It's exhausting, but she'll keep laboring. Excellence is simply something that black women have been accustomed to.
Jasmine Mans is a spoken-word artist from Newark, New Jersey, who doesn't call herself the ultimate black woman (that's a title she reserves for her forever First Lady, Michelle Obama), but, as a gifted and hardworking artist, she seems to be one. The poet performs regularly, tours the country as a guest artist at universities, posts prolifically on social media, and sells merchandise printed with her poetry.
Her work will simultaneously inspire you and make you question your own humanity. She'll speak of her black, female ancestors with pride in her eyes and, in the next breath, spit a wrenching spoken-word verse about the black mothers who watch their sons, and her own friends, die young, again and again.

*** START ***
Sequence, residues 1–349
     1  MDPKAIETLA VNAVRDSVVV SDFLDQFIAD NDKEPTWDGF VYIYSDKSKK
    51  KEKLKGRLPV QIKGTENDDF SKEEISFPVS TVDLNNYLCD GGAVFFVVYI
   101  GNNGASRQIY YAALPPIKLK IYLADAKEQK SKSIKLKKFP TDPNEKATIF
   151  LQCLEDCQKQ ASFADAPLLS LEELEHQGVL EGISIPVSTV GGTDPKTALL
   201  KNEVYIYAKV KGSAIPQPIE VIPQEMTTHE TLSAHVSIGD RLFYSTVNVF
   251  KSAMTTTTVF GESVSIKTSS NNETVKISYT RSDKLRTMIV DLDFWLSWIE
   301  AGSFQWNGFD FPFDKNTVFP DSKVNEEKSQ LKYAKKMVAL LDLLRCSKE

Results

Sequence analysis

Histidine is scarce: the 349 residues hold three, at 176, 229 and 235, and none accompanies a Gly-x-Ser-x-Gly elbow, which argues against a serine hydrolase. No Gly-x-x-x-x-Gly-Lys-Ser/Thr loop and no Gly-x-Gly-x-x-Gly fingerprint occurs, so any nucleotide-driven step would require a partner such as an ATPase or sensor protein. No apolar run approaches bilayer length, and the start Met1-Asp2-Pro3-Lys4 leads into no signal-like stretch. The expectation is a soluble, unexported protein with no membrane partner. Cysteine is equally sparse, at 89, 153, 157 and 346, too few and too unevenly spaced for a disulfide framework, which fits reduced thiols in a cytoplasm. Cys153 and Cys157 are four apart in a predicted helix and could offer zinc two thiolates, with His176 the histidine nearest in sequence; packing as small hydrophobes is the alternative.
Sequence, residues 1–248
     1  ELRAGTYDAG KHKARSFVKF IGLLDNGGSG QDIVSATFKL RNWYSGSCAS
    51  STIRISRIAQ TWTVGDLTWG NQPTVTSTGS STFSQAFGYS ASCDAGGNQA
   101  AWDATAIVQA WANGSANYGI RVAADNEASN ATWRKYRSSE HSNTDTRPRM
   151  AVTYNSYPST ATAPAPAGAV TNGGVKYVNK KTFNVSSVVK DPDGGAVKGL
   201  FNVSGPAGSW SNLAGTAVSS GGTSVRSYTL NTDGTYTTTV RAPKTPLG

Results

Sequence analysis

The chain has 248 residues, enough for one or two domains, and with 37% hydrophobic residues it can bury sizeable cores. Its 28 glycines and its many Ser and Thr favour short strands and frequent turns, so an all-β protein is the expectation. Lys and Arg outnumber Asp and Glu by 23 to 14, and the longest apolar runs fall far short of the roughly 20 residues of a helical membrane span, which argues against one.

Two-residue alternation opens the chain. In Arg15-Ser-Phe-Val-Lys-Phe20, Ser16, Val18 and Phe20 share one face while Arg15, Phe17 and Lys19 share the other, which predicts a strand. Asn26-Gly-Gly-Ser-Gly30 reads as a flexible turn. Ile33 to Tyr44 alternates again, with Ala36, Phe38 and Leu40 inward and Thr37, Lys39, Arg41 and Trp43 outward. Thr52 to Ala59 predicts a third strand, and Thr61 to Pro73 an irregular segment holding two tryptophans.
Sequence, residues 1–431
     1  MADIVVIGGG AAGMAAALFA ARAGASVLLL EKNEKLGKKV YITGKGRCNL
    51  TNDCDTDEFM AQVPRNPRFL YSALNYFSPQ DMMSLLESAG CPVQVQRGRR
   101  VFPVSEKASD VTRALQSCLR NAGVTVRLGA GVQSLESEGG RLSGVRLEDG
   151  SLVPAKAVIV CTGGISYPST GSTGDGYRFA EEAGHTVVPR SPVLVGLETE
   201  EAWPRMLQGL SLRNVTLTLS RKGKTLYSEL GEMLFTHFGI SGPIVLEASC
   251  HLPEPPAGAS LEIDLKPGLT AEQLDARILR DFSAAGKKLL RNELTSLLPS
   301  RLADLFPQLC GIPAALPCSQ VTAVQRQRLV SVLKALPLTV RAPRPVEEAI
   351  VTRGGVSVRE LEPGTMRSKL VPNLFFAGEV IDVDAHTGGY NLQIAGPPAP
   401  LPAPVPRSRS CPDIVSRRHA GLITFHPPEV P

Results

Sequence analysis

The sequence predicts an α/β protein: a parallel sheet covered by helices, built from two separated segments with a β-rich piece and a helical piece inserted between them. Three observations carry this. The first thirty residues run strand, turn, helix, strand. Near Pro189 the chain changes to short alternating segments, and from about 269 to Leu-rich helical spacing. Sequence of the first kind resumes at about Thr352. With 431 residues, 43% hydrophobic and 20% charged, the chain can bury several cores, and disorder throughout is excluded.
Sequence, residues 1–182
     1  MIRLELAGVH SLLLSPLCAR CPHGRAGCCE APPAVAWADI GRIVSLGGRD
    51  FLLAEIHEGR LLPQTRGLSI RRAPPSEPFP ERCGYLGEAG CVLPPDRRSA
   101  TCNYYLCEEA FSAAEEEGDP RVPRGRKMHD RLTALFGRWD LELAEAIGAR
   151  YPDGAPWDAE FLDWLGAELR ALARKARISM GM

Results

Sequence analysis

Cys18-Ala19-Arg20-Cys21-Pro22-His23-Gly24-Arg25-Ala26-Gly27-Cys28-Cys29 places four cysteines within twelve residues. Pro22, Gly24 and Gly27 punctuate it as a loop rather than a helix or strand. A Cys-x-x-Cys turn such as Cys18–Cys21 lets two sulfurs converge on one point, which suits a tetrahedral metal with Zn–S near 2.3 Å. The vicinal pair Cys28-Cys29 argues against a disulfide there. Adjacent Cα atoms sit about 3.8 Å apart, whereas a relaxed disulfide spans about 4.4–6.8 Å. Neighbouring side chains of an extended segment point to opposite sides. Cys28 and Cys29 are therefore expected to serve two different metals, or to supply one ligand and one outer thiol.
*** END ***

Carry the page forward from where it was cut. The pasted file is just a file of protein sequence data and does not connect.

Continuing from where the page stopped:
"My son will not be a martyr for a war he never asked for," she recites, her voice thick with indignity.
In her body of work, she recognizes the Obamas' glory and the ensuing fade from it. She calls out broken systems and political motives that hurt black women the most. And yet, her poems cling to a residual hope, as she pivots artfully from tragedy to light through small cracks of powerfully crafted phrases about little black girls recognizing their skin shade in their role models on TV, and once, in the White House: "She knows black Barbie dolls and nap time. How to identify your face in a land filled of misrepresented women who share our skin color like a sequenced revolution."
It may be tiring, but she's not giving up any time soon.
Editor, The Why Women Project